Erik Hanell, owner of the British-flagged tanker detained by Iran while entering the Gulf, met Zarif in Stockholm on Aug 20 to make the case for the ship and its crew to be freed. The Stena Impero was diverted to an Iranian port on July 19, two weeks after Britain detained an Iranian tanker off the territory of Gibraltar. That ship was released this week. “A constructive dialogue was had and we shared information around the case,” Hanell, chief executive of Stena Bulk, said in a statement yesterday. “It was important for us to emphasize the importance of the release of the 23 crew…Also for the release of the Swedish-owned vessel Stena Impero.”

Meanwhile, the Iranian tanker that has sparked a diplomatic row pitting Tehran against Washington and London is too big to dock in Greece, the country’s junior foreign minister said yesterday. “This is a very large crude carrier, it is over 130,000 tons… It cannot access any Greek dock,” junior foreign minister Miltiadis Varvitsiotis told Ant1 TV. Varvitsiotis said the Greek government had “faced pressure” from US authorities over the vessel but insisted that Athens “has sent a clear message that we would not wish to facilitate the transport of this oil to Syria under any circumstances.”

The British Royal Marines seized the ship on July 4 off British territory Gibraltar on suspicion it was transporting oil to Syria in breach of European Union sanctions, triggering a sharp deterioration in relations between Tehran and London. Iran has repeatedly denied any violations. The incident has come at a difficult time for Greece’s new conservative government which was elected just over a month ago.

Greek Prime Minister Kyriakos Mitsotakis’ office yesterday said the PM is expected to visit Washington “soon”, and US Secretary of State Mike Pompeo is expected to visit Greece in the autumn, Varvitsiotis said. Greece must also tread carefully as its influential shipping sector does major business in the Arabian Gulf. Varvitsiotis said Athens was not in contact with Tehran over the tanker, which was originally called Grace 1 but has been renamed the Adrian Darya, and had received no request from Iran.

The website Marine Traffic, which earlier this week gave the ship’s reported destination as the Greek port of Kalamata, had placed the supertanker carrying 2.1 million barrels of oil some 100 km northwest of the Algerian port of Oran. The maritime tracker says the tanker is expected to arrive in Kalamata on Monday, but Varvitsiotis suggested it may not dock in Greek waters at all. “It has named Kalamata as its port of destination but this doesn’t mean anything,” adding: “It could drop anchor somewhere” else. “It could unload the oil at any non-EU refinery. It could head south” to North Africa, he added.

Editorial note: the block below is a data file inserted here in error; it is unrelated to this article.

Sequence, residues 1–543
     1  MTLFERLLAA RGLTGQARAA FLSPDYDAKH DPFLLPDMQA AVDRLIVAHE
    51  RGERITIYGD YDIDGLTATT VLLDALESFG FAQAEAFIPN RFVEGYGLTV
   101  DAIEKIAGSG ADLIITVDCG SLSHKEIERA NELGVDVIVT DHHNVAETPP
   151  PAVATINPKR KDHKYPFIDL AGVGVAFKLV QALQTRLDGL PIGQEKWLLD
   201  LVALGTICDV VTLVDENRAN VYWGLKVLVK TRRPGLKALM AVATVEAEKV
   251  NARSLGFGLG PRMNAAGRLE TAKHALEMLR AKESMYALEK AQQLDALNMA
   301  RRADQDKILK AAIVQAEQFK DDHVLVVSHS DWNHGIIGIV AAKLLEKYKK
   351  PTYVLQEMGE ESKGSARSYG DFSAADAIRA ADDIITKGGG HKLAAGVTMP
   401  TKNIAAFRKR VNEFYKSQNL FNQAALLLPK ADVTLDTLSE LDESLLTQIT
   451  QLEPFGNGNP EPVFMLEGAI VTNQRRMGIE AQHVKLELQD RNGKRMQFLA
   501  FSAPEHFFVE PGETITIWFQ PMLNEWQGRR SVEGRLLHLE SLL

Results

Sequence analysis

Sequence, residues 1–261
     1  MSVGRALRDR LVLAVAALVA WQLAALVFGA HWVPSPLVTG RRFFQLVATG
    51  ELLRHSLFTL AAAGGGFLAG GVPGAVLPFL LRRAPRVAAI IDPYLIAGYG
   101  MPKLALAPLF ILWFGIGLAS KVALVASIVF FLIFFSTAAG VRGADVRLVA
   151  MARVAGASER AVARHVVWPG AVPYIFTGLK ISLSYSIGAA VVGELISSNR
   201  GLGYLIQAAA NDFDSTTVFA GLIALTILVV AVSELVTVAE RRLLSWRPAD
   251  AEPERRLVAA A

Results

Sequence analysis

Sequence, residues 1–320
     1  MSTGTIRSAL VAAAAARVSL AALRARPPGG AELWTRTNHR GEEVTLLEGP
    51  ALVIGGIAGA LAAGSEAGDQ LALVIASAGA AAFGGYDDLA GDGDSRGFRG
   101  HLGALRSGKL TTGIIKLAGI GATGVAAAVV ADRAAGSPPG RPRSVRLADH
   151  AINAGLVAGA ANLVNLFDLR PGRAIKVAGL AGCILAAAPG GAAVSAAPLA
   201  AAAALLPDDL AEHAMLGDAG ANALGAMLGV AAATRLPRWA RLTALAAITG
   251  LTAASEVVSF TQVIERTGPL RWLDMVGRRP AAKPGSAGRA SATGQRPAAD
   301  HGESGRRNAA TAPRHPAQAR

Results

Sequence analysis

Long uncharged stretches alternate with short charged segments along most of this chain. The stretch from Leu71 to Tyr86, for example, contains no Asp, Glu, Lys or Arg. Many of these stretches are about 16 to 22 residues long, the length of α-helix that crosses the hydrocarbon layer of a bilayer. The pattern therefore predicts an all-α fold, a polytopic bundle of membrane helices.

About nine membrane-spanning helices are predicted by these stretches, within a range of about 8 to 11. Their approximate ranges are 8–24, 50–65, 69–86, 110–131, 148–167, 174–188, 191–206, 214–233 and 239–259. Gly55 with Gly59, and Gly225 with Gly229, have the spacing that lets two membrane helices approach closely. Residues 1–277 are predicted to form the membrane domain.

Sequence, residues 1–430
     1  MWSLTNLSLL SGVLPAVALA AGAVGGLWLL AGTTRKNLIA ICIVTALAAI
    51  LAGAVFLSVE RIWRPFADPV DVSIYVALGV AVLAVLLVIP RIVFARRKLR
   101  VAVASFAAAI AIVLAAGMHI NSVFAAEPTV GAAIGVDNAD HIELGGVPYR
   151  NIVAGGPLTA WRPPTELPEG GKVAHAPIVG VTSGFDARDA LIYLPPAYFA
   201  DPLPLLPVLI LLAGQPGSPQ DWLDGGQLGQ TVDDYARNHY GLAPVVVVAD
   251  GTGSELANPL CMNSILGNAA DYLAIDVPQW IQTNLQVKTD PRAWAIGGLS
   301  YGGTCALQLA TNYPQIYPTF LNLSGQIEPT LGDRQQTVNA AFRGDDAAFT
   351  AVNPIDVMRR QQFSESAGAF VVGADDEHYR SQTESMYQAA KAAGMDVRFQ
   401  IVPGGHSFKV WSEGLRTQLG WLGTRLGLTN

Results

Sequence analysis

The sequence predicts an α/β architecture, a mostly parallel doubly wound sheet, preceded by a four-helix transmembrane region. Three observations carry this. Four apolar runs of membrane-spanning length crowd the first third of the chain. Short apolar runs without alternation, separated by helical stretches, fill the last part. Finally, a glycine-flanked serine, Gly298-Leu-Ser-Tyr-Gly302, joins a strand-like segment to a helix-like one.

Separately, an Iranian oil tanker has broken down in the Red Sea near Saudi Arabia but its crew are safe and carrying out repairs, the oil ministry’s website said yesterday. The HELM suffered a “technical fault” about 120 km north of the Saudi port of Yanbu on Tuesday, the ministry’s website said, citing the National Iranian Tanker Company. “The crew of the tanker are busy fixing the defect and the vessel is in a stable situation from a safety standpoint,” the NITC’s technical director Akbar Jabalameli was quoted as saying. The crew of the tanker was safe and “in full readiness to solve the problem”, he added.

TankerTrackers.com, which monitors ship movements, said the HELM was carrying 1.3 million barrels of crude oil and heading towards the Suez Canal from the Iranian island of Kharg. The vessel appears on the US Treasury’s website in a list of entities subject to American sanctions. It is the second such Iranian breakdown in recent months after the tanker Happiness 1 was forced to seek repairs in the Saudi port of Jeddah port that reportedly cost the Islamic republic $10 million. – Agencies